Man, I Feel Like a Woman

3 min read

By Ollie Whalley

Badly sung music can help us through tough times.

I’m a huge fan of badly sung music. Not for everyday listening, but for when riding gets really challenging. For example, at the end of a long day, with 120 km of dead straight road to ride, into a headwind, in the dark and rain, with the prospect of a soggy bivy and soggier chips your only reward. Under these circumstances I find myself bootting up the ol’ brainPod and hitting play on a playlist of bad pop tunes. Meatloaf, Shania, Britney and the Spice Girls all make the cut for this bottom of the barrel hit list which starts to spin around in the semiconscious haze that is my brain.



It starts out internally, my brain working through each melody. SPD’s mean I can’t tap my toes, but soon I’ll find myself standing for choruses and spinning easier gears for bridges.

A few km’s later and it usually escalates from the odd mumbled line, to full blown singing, belting out as much of the lyrics I can recall, and filling in memory blanks with invented words. Bad songs made even worse by the efforts of an exhausted bikepacker!

The strangest thing is that I wouldn’t be caught dead with this musical equivalent of McDonald’s on my everyday playlist. Just like bikepackers seek out the high-calorie and low nutrition options which serve to meet food needs with as little effort as possible, I do the same for my brain with this mainstream musical drivel.

Some bikepackers choose to ride with headphones and have pitch perfect music directly channeled to their ears. I tried this once with a playlist that included an enthralling zombie apocalypse podcast. It proved to be a great motivator to get to the finish of a Southern Brevet quickly with darkness approaching. However headphones can create safety issues and battery drain, while I’m yet to find a pair of headphones which will last longer than a day in my sweaty ears. There is also something empowering about singing aloud whatever song that comes into your head. I also like the idea that when not scaring away wildlife with my own singing, I can listen to the sounds of nature around me, and blocking this out just seems wrong.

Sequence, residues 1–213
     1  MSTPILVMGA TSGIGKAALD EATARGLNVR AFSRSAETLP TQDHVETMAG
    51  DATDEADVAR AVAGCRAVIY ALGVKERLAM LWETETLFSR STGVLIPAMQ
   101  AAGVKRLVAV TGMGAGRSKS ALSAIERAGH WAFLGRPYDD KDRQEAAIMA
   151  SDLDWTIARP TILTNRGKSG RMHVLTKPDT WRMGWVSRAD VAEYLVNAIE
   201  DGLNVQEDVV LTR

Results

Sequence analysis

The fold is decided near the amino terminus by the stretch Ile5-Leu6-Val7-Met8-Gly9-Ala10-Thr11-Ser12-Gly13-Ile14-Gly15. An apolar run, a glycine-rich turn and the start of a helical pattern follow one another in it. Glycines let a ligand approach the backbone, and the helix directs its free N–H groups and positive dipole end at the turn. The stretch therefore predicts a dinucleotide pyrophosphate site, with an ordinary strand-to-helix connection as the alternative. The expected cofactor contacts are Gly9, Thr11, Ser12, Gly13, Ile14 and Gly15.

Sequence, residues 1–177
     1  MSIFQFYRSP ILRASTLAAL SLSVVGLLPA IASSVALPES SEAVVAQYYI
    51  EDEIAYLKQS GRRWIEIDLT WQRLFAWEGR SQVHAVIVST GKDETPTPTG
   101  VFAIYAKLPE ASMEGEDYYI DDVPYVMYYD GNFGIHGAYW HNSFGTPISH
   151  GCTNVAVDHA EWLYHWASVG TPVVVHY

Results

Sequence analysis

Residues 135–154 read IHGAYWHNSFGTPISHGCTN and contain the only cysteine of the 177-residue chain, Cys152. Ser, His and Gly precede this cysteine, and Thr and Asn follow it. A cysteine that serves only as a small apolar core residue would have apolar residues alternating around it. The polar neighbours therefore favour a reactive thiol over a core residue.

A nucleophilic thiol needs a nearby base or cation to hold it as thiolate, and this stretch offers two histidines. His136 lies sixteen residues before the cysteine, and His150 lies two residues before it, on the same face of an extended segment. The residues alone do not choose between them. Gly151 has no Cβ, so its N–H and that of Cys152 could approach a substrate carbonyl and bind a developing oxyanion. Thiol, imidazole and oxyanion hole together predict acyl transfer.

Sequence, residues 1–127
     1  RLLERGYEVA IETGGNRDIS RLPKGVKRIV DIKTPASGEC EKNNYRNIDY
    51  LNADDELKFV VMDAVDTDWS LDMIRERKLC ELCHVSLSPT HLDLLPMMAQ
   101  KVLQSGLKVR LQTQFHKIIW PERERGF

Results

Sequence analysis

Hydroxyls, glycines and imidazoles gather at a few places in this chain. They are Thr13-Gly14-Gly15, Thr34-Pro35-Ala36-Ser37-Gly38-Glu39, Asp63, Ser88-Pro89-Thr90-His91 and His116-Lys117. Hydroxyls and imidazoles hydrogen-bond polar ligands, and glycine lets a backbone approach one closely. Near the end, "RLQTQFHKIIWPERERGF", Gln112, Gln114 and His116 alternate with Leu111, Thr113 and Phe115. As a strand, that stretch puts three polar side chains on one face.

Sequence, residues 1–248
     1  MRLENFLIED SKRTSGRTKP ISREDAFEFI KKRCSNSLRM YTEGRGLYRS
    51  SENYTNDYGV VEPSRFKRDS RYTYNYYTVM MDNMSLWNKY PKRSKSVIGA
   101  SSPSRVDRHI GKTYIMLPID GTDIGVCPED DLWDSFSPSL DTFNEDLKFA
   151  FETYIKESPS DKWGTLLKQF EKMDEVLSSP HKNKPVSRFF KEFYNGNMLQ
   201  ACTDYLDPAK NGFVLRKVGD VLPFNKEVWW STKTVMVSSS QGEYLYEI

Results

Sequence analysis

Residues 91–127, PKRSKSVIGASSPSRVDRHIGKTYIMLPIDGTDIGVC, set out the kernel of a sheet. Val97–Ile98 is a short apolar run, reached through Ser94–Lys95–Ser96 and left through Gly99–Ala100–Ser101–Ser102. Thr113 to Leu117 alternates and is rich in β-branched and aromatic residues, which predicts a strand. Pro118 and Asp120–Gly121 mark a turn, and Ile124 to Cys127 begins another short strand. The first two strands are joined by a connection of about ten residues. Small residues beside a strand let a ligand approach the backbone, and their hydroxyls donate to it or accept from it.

For whatever strange reason, the reptilian part of my brain always defaults to Shania Twain’s bootscootin’ ditty Man I Feel Like a Woman. It has seen me through endless sandy deserts, tropical monsoon storms and pie shortages. I usually belt this one out surrounded by wilderness. It wasn’t until I joined fellow Ground Effect Revolutionary Tristan Rawlence from Nelson to Hokitika as he blitzed the Tour Aotearoa course where the power of bad singing become more apparent. It was something I’d always done, a coping strategy honed through too many long days on the bike, and one which proved to be as fun in company as by oneself.

 
When searching for mental stimulation late on one day, Tristan offered up his own power song. You don’t have to like cats, or be a musical theater fan to enjoy Andrew Lloyd Webber’s epic ballad Memory. For some reason he had forgotten to call upon his usual default which is a profanity laden power song by The Oatmeal: The Mother f’n Pterdactyl.


A word of warning, take care with repetitive songs such as Lamb chops Play Along’s Song that Never Ends, or another song that some twisted Australian bikepackers favoured titled Pink Fluffy Unicorns Dancing on Rainbows. Surely these are the long distance cyclist’s equivalent of waterboarding!

So don’t be shy, next time you are feeling a bit down on a long ride, cast aside your inhibitions (just like you’ve probably done with your personal hygiene) and belt out some songs badly.


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